Gulf Arab: No efforts to stop human trafficking

The United States criticized four Gulf Arab allies as among the world's worst offenders in permitting &to=http:// ' target=_blank>human trafficking on Friday in a rebuke Washington hopes will promote improved human rights in the Middle East.

The State Department downgraded Saudi Arabia, Kuwait, Qatar and the United Arab Emirates to the lowest level of compliance in a report that evaluates countries' efforts in fighting the trafficking of roughly 800,000 people forced into servitude or the sex trade every year.

Victims in the region were mostly from Asia and were generally forced to be domestic servants and laborers but also included women prostitutes and boy camel jockeys as young as three, according to the annual report.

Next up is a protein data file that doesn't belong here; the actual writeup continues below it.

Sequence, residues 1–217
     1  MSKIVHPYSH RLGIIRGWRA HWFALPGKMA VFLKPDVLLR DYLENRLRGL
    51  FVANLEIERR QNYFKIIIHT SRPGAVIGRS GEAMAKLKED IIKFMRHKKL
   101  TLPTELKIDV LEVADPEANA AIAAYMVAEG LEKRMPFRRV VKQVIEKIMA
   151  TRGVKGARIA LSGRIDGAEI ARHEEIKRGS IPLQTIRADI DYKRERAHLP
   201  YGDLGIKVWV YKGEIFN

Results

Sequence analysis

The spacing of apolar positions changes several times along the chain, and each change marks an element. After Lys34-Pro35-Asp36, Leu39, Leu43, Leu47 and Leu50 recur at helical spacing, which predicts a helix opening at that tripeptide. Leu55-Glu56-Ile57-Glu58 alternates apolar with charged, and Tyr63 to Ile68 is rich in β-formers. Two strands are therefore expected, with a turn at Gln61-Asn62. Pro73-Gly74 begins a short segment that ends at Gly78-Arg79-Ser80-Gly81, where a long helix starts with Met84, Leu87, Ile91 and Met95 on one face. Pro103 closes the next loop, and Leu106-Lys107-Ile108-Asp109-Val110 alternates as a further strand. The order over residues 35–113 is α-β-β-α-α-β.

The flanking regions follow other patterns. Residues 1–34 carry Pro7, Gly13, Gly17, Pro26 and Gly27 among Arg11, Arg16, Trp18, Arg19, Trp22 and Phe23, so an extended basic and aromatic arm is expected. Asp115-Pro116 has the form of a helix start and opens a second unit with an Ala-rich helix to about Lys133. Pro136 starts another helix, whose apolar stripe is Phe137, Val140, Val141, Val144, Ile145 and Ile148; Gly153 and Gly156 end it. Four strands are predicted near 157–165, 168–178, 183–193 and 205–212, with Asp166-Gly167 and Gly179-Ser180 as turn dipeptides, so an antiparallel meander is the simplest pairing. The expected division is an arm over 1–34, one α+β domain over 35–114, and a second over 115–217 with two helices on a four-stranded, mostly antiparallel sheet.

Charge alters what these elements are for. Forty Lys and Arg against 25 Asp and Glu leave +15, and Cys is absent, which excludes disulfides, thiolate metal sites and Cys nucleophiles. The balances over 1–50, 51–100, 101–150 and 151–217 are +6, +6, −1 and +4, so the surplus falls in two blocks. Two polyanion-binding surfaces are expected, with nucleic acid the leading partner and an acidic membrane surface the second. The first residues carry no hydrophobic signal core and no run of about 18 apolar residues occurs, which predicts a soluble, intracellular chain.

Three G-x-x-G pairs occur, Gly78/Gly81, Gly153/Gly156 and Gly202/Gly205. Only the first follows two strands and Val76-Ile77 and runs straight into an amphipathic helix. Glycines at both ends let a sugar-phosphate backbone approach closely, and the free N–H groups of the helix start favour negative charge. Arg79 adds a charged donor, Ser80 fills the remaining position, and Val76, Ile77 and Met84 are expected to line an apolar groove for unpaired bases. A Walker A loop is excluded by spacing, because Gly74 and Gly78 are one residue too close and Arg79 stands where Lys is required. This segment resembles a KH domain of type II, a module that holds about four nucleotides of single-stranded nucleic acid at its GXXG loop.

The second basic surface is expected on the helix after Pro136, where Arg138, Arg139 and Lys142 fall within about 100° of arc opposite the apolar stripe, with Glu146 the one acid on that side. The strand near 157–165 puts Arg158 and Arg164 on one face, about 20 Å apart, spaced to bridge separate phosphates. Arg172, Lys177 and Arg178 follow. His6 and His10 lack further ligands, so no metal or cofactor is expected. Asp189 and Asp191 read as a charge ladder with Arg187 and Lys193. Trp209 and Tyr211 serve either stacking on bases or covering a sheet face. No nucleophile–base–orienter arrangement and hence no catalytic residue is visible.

It cited the case of a 17-year-old orphan, Lusa, who was kidnapped from Uzbekistan and sold into a slavery ring in UAE. She was eventually "no longer usable" as a &to=http:// ' target=_blank>prostitute and the emirates' immigration service said she should serve a two-year prison sentence for entering the country illegally, reports the Washington Post.

According to the Forbes, Persian Gulf monarchies, flush with record oil revenue, are betting that a $7.5 billion theme park with an indoor ski slope, a $1.2 billion power grid and a $1.2 billion cargo shipper will shield them from the next energy bust.

Gulf investors have announced $8 billion of overseas acquisitions in the past 18 months, including the purchase of wax museum owner Tussauds Group. A Kuwaiti company agreed to pay $3.4 billion for African phone company Celtel International BV, resorts are springing up in the United Arab Emirates, and Qatar is investing $7 billion to host the 2006 Asian Games.

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